The current data might not allow us to pinpoint precisely which is the most prominent field evaporation mechanism active during laser-pulsed or high voltage–induced field evaporation. There are several possible mechanisms that can lead to the detection of singly charged monomers or polymers of water molecular ions. First, as in the case of metals, a partially charged molecule can be progressively repelled from the surface under the influence of the electrostatic field, as it undergoes simultaneous ionization and desorption (72). Very local rearrangements of the electric field have been observed experimentally on metal surfaces, as shown by molecular dynamics for instance (73). Second, surface migration processes are assisted by the electrostatic field itself and typically follow electrostatic field gradients. These phenomena are thermally activated (74), and the activation barriers for field evaporation and surface migration are both lowered by the electrostatic field (75). There is a possibility that localized migration processes lead to a rearrangement of the specimen’s surface; atomistic simulations (76) showed how several surface atoms can jointly diffuse, a process also observed experimentally (77). Here, following the departure of a water molecule or molecular cluster from the surface, the rearrangement of charges at the specimen’s apex can drive short-range migration of the molecules, which can then combine to form a polymer, as also predicted by atomistic calculations (54). These local processes could explain the detection of the larger molecular ions detected in our experiments.

Last, we postulate that these mobile, fully or partially charged molecules can flow much more freely on the surface than within the bulk ice, forming a liquid-like layer that acts as a medium between the bulk ice and the vacuum. The increase in temperature, subsequent to the laser pulses, provides thermal agitation that facilitates migration within this layer. A similar layer was reported in liquid metal ion sources, albeit at much higher temperatures (78). In either case, the electrostatic field is the key parameter driving the reorganization of the molecules at the surface. The demonstrated capacity of the specimen to “evacuate the charges” indicates that there is ionic conductivity and hence that the surface is composed of at least partially charged molecules, making them prone to delocalization under the influence of the electric field. Within this confined zone, individual molecules or polymers migrate toward the loci of most intense electrostatic field at the specimen’s surface, where they can field evaporate. This hypothesis, shown schematically in Fig. 8, explains the pattern formed on the detector (Fig. 7B) as well as the high level of background, at least in part.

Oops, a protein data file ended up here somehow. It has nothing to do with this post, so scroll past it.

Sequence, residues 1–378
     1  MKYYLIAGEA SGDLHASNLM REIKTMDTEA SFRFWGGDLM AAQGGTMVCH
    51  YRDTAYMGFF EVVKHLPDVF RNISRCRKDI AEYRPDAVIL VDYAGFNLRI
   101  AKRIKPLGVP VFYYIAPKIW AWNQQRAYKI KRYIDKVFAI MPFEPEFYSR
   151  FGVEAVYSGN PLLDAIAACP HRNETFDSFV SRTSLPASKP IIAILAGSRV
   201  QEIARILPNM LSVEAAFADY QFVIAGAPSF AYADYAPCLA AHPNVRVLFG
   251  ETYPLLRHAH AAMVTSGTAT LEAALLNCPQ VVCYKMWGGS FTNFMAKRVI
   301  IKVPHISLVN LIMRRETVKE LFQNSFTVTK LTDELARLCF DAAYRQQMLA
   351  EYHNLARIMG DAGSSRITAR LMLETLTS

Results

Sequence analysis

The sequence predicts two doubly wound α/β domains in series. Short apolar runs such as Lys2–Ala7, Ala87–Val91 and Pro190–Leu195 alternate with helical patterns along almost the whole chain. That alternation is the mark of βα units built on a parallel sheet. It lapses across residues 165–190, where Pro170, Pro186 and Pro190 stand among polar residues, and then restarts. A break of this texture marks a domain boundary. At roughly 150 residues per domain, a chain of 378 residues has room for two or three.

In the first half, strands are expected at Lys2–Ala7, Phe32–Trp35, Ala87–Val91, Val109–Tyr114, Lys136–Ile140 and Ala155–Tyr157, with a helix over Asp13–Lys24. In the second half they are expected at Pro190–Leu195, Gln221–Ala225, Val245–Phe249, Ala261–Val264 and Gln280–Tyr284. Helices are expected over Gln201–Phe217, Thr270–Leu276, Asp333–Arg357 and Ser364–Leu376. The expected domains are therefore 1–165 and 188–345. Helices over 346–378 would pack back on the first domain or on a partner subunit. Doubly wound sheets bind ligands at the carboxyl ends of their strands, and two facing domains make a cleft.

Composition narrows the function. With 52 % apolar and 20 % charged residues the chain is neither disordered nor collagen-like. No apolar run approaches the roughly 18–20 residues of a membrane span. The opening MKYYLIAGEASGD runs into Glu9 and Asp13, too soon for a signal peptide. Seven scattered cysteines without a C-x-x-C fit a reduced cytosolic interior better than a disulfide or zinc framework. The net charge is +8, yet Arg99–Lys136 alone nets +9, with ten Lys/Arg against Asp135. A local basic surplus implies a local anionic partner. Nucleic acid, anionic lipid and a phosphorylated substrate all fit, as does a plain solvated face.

Fig. 8 Schematic showing the main parts of the specimen and possible steps involved in the proposed mechanism for pulsed field evaporation of ice.

The background can be attributed to the loosely bonded molecules that leave the specimen at a time uncorrelated with the laser pulse. The surface gets stabilized by the field desorption and ionization or field evaporation of the least stable surface atoms or molecules (73). This implies that following the removal of a molecule, the rearrangement of the surface can lead to molecular migrations and potentially, at a later stage, the removal of one or more molecular ions. Figure S16 shows a correlation histogram, see (79) and references therein, for an analysis of NaCl-D2O. Numerous vertical and horizontal trails indicate the detection of ions coevaporated with various water clusters yet with a delay that hinders their identification. There is also continuous evaporation evidenced by the faint diagonal lines. These ions certainly contribute to the background. There also appears to be some indication of molecular ion dissociation that could very well lead to neutral molecules, which, in part, could go undetected (79). More information may, in the future, be gathered from such analyses to extract more information than only from the mass-to-charge spectra with the accompanying high background.